“Intrigued, Blass started looking around,” Jorisch wrote in the book. “What he found surprised him: the topsoil was completely dry, but a dripping faucet in the area had soaked the root system underneath the tall tree. He started digging and found an onion-shaped wet zone that kept the ground moist, with almost no surface evaporation.” Drip irrigation is now used by farmers worldwide to improve their crops.
Another story recounts how a cop on a motorcycle gave Eli Beer a ticket for speaking on his cellphone while stuck in traffic, annoying Beer but giving him the idea of providing first responders with refitted motorcycles to help them weave through traffic to get to emergencies faster than ambulances, triggering the founding of the United Hatzalah emergency service.
Check Point Software’s founder, Gil Shwed, who, after his army service in the elite 8200 intelligence unit, refused to go to college, much to the chagrin of his parents, had the foresight to realize in the 1990s — when the internet was still used mainly by governments and universities — that the web would one day be “something huge.” And when that would happen, users would need protection.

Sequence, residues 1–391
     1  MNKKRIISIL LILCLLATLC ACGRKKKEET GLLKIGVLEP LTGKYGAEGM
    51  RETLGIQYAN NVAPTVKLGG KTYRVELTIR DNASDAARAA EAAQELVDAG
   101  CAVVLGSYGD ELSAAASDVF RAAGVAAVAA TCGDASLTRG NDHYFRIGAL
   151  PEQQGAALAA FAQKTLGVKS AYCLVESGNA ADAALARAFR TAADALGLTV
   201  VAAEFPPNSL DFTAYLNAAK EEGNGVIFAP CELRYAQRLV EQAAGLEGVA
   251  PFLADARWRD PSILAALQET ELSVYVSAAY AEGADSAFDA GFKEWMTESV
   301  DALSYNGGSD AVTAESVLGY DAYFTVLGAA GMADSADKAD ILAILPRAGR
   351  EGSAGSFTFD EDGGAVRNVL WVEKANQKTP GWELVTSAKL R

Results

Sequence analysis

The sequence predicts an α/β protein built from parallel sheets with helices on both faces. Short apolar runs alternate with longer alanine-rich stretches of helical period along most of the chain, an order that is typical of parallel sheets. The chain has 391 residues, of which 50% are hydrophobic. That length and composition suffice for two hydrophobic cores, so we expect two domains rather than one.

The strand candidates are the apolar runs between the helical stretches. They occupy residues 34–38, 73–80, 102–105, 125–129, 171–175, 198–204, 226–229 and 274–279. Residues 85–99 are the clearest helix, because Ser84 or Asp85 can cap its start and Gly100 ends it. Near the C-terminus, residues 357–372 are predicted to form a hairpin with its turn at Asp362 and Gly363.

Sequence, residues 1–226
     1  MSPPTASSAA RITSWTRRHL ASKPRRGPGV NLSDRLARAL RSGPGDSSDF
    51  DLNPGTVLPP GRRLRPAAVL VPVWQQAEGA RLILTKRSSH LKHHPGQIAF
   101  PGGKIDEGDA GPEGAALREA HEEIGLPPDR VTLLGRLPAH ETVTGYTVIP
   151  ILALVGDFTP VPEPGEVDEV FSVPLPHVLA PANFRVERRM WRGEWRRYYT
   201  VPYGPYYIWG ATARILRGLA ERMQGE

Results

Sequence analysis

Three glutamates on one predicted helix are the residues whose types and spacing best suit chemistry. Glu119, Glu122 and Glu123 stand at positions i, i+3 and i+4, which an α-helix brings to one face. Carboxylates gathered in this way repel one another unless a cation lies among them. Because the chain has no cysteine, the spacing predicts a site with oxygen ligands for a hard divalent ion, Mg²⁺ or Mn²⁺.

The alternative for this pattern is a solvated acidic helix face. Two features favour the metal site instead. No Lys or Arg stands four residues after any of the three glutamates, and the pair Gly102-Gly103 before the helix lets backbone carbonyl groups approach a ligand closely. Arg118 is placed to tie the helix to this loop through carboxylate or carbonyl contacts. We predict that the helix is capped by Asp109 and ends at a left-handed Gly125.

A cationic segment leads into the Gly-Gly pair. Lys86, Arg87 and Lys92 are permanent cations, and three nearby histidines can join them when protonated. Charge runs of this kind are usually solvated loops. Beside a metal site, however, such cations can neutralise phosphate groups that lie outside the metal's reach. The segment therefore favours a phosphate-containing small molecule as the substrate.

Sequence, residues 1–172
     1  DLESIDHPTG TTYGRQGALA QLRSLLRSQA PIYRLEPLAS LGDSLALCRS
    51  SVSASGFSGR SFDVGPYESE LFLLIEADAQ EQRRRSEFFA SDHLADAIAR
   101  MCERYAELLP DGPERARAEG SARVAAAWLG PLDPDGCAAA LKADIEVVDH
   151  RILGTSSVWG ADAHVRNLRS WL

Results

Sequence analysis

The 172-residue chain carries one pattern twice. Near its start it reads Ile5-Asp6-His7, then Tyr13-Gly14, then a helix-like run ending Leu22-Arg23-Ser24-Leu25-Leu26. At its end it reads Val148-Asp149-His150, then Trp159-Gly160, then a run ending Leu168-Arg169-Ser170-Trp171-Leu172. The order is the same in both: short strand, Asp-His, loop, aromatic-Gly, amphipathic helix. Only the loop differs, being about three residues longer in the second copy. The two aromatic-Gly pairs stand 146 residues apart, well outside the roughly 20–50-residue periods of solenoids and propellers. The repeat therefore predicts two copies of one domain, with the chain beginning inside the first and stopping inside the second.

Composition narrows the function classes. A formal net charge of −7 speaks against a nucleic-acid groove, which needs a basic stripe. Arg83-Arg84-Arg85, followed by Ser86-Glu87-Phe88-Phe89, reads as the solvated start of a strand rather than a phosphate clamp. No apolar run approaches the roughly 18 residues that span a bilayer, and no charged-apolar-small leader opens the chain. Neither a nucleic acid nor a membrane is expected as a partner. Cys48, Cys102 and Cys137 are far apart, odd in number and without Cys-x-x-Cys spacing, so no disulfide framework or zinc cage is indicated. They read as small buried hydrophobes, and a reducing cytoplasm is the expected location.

“Israel is far more than just producing great startups. It has mature companies that are making the world better,” Jorisch said in the interview. “There is no single narrative that defines the State of Israel. But there is no denying that the country has extraordinary innovators who are bound together not by religion, money and stature, but rather by a desire to save lives and make the world a better place. It is an extraordinary story that needs to be told. It is not a story people focus on; it is certainly not the first thing most people think about when they focus on Israel.”